Everyone has heard the saying "practice makes perfect". Famous musicians and golfers, like Wolfgang Mozart and Tiger Woods, reached the pinnacles of their profession in part by deliberate practice. Should we then be surprised to learn that most high-level mountain bike athletes started with adjacent two-wheeled sports, like motocross, BMX racing or trials, where their actions are played on repeat? The practice cycle loops over and over; starts, laps, sections. They have trained by essentially "sessioning" the same feature or one hundred meters of track countless times, so when they arrive at a familiar, but unique-looking obstacle on an unseen trail they know exactly how to apply their skills like it's second nature.
You're a product of your environment too. You can often tell a rider's background based on their strengths on the trail. From a young age, I can remember attempting all sorts of goofy maneuvers in a tiny garage, like no-handed track stands, riding backwards, and hopping around in circles while winter whistled away outside. When the snow eventually melted enough I'd take to the streets with friends and practice riding sidewalk curbs, concrete ledges, banked lawns, eagerly waiting for the trails thaw. I wouldn't even consider that mountain biking. "Urban assault", is what the cool kids used to call it. Although, it taught me balance and brake control by way of deliberate practice. Maybe that's where my hidden affection for riding skinny ladder bridges comes from.
While sessioning a few turns or a feature with mates, you can quickly learn from mistakes by observing. It's something that Sarah Moore brought up in Pinkbike Podcast #99
. Motorcycle trials is a relatively new sport to her and she was surprised to learn that during her rides, the group would spend more time on features instead of trying to get from point "A" to point "B", like how most of her mountain bike rides unfold. There she could witness the pros and cons to each line and apply them to her attempts.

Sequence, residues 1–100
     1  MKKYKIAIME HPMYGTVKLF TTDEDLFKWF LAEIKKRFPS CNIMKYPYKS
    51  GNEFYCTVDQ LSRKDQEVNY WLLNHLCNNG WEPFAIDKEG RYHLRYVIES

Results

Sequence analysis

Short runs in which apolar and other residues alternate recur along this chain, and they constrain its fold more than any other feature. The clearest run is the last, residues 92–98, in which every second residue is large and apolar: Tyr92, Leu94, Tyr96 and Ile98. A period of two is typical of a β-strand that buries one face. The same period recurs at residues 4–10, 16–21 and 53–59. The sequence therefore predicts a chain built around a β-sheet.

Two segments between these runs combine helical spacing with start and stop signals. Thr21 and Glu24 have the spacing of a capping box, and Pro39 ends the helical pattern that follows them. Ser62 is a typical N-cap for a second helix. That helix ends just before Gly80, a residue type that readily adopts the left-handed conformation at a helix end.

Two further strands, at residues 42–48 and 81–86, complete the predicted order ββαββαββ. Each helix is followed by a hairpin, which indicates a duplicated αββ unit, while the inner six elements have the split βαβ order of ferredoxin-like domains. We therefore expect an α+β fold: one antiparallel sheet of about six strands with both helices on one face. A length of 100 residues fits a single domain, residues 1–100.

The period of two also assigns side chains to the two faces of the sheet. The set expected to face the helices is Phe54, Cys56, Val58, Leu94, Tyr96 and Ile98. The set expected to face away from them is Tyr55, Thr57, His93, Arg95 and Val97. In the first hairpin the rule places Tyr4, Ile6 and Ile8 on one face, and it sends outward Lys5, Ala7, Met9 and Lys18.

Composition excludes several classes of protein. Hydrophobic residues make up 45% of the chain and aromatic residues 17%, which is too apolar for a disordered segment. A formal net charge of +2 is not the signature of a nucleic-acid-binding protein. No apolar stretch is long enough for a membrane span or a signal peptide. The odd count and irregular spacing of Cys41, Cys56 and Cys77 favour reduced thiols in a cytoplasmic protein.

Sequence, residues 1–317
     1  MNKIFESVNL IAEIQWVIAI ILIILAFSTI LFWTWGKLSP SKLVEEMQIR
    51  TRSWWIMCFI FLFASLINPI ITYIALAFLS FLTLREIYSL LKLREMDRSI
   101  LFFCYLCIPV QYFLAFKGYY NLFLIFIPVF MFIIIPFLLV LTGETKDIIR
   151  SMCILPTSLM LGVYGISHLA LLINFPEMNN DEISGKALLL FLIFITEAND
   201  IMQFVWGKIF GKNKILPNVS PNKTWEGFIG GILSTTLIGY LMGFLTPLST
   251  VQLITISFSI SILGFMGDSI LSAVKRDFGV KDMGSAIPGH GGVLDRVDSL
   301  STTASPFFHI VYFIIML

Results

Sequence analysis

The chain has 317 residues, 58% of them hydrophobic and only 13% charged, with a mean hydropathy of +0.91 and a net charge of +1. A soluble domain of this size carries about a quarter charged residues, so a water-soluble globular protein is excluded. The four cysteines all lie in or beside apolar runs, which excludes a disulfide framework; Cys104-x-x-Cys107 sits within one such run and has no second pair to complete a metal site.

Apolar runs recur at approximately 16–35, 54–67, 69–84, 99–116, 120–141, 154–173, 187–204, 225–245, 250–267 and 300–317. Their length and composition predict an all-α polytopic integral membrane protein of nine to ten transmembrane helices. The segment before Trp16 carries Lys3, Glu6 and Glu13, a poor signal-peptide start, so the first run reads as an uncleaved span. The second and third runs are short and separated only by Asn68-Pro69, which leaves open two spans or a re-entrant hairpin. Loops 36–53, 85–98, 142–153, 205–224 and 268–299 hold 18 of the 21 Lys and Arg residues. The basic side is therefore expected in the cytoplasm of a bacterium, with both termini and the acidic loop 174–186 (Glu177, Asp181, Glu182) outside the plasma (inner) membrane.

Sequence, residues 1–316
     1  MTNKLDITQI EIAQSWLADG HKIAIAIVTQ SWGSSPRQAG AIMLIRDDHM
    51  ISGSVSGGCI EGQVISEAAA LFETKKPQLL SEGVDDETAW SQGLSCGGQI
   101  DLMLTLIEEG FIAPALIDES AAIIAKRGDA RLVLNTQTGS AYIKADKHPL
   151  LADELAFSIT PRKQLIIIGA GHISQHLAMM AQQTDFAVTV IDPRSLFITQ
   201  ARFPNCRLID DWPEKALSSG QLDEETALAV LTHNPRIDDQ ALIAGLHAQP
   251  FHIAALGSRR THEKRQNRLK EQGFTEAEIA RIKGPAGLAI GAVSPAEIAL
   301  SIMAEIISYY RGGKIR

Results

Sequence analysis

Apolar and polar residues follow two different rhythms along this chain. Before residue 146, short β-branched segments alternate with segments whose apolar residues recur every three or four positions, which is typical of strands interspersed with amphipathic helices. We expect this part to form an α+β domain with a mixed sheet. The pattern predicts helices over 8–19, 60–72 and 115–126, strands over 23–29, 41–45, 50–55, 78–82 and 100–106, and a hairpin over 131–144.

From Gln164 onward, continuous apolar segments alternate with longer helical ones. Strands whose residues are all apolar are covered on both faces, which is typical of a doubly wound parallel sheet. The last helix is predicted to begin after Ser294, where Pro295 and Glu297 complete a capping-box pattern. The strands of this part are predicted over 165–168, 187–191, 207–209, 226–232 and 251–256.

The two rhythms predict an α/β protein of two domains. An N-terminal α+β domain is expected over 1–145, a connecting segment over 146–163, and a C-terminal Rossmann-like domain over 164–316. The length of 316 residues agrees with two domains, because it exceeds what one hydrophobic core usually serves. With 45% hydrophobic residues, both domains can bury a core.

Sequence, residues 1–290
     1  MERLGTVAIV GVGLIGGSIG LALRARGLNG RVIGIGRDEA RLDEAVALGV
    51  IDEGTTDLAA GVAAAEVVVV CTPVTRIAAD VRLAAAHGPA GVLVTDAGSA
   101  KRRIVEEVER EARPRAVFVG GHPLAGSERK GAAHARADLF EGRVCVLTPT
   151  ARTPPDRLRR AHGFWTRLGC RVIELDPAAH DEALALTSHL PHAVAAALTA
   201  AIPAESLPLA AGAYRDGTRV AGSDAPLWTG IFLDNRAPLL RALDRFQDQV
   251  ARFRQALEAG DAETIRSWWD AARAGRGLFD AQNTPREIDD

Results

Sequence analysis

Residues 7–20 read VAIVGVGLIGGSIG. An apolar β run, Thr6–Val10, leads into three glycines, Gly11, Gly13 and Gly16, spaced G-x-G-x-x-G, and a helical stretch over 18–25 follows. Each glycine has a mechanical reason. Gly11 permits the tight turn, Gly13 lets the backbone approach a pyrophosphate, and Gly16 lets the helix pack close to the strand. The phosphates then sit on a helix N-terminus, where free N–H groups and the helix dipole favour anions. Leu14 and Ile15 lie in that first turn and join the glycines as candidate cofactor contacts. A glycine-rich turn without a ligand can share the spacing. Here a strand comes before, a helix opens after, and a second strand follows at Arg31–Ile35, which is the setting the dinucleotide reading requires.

Sarah also mentioned one of her goals for 2022 was to clear all the jumps on A-Line. Like a BMX track in many ways, A-Line is the perfect place to those skills. One by one, you can conquer each gap, growing your confidence with each lap.
On the other hand, there is a polar opposite side to mountain biking. Fitness, stats, thresholds - those that are chasing the carrot at the end of the stick, never wanting to stop until they're back the lights are out.
And there's always that feeling of excitement and surprise when you're riding an exciting new trail. Your senses are on high alert, like you're riding at a blistering pace, but chances are you're not reaching your full potential. No chance you're stopping, though. You're in the moment and can't wait to see what's around the next corner.
That's just the way I felt about a recent tour of Galbraith I did with Mike Kazimer, never lapping the same piece of trail - just flowing the downhills and keeping a solid pace. Normally, he'll truck right along on his route when riding solo, but loves to find something funky to session on a group ride. And so there was this one jump, which needed some scoping first. After tagging the landing on the initial go, I had to push back up to rectify my mistake. Under a sweaty helmet, buried deep under a pile of geometry charts, I dug up the memory of a jump similar in size and nature. The second go resulted in a much cleaner exit and updated my memory for that style of jump.
One of the best things about our sport is that there's no right or wrong way to ride - we aren't always bound by the race tape and a start time. We can pick the playground or choose our own adventure.
The next time you're out on a ride and you mess up a corner or case a gap jump, will you stop to analyze what went wrong and then correct the mistake? What about more than once?